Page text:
13 Jan Conveyancing | Your property pre purchase inspection.
You are about to purchase a property? Conveyancing is the transfer of legal title of property from one person to another.
Our conveyancing lawyers at Quay Law have shared the following article and information with you.
A pre-purchase inspection of a New Zealand property before proceeding with a purchase is essential. This report should identify any items in the property that require attention. It is however unlikely that a home will come though a property inspection with a clean report as maintenance on an existing home is always required. However, a property report allows you to make an informed decision prior to proceeding with the purchase of the property.
Quay Law recommends you use a certified inspector for your potential property purchase | conveyancing transaction.
But beyond the standard aspects of a property inspection report, what else do you need to consider?
Take a look at a recent article on stuff.co.nz (13/01/2014).
Houses used as P-labs could rival leaky homes as a problem, with a warrant of fitness system needed to reassure buyers, the Real Estate Institute says.
Chief executive Helen O’Sullivan said meth labs that were being discovered were only “the tip of the iceberg”.
“With leaky homes you have a profile of the kind of house that can be affected, but meth labs can be anywhere.
“Not surprisingly, meth cooks don’t sign a register when they start up.”
She called for a “warrant of fitness” system for houses, which would include a test for meth at a cost of $100 to $500.
Other issues, for example the state of wiring, could also be covered.
The problem of meth-tainted homes had reached the point where a test for P was as important for buyers as a Lim report and a building code check.
“To a degree this is the new ‘leaky homes’ but in a way it’s worse because it’s harder to spot.
“Perhaps one day we will see legislation that compels homeowners to declare whether their home is a meth home when they sell.”
Contaminated Site Solutions Limited director Victor Boyd said the issue of contaminated homes was becoming more prevalent.
“More people are asking questions,” he said.
He had received calls from young couples who had bought their first home, not realising it was contaminated.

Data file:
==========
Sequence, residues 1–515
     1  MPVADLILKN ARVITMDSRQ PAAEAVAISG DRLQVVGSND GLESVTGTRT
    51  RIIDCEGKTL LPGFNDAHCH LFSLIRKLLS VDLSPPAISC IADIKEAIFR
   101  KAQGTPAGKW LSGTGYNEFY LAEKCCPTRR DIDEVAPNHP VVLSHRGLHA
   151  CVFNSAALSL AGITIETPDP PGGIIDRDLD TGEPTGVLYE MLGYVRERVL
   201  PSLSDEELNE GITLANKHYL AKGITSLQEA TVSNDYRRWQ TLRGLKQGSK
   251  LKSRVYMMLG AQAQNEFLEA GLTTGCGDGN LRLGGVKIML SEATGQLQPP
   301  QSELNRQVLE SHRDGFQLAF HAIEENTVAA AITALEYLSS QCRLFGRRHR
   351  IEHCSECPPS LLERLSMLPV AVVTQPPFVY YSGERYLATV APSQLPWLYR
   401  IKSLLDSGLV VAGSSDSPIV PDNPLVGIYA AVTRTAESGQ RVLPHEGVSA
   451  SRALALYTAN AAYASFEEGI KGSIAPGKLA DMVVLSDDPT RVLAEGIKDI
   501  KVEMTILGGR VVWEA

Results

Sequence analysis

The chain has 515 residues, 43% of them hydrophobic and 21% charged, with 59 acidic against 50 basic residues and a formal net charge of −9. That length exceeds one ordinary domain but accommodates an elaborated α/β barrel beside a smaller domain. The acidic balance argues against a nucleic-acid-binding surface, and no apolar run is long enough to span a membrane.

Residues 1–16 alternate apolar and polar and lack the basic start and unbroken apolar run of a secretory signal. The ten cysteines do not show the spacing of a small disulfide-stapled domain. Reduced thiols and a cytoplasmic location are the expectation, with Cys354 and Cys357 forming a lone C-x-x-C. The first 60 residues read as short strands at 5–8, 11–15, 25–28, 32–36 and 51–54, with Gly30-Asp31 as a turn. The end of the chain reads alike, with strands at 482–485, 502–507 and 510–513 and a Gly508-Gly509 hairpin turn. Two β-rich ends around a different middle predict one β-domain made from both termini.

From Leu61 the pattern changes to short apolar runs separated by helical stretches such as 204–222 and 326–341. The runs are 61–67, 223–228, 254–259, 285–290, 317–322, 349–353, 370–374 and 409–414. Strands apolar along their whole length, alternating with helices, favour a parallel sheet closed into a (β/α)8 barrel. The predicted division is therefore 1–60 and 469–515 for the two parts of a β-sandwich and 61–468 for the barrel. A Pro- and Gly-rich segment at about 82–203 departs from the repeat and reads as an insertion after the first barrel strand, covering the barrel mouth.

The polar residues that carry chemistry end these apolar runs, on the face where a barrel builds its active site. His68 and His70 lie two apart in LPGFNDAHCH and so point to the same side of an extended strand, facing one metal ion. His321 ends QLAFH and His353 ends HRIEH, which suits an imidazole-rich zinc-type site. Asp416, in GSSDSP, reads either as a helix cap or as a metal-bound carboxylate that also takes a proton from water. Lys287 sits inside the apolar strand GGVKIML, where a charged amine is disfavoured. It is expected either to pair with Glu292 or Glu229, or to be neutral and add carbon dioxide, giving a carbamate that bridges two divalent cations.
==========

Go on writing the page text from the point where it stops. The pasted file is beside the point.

Meth-contaminated homes could be “extremely dangerous” Mr Boyd said.
“There are some nasty chemicals involved.”
P-lab exposure could cause shortness of breath, dizziness, irritation, or burns to the skin, eyes, nose and mouth.
There was also a problem with property owners discovering, but failing to report clandestine labs, he said.
“They’ll say get out or I’ll call the police. Then they’ll try to clean it up themselves.”
In Foxton, tradesman Kris Harding has called on the community to help Derek and Ceridwen Hooper, who bought a retirement home only to find it was contaminated by meth.
Housing Minister Nick Smith said the scale of the problem did not justify imposing an expensive test for meth contamination on property owners.
“It is certainly an issue, but it would be misleading to suggest it’s approaching the same level as the $20 billion leaky homes problem.”
Police estimated that about 50 homes each year were found to be contaminated by meth, Mr Smith said.
He sympathised with the Hoopers.
“They need to explore the legal avenues open to them.”
Mr Smith said had been contacted by landlords who faced clean-up bills of tens of thousands of dollars after tenants had set up P-labs.
Many were left out of pocket, but in one case a landlord was able to claim $30,000 through the courts after a drug dealer’s assets were seized under the Criminal Proceeds (Recovery) Act.
Overall the best solution remained the targeting of P makers and dealers, Mr Smith said.
– © Fairfax NZ News
For further information on your residential or commercial conveyancing transaction please talk to our lawyers first to obtain relevant legal advice.
Contact your approachable Auckland lawyers or call 09 523-2408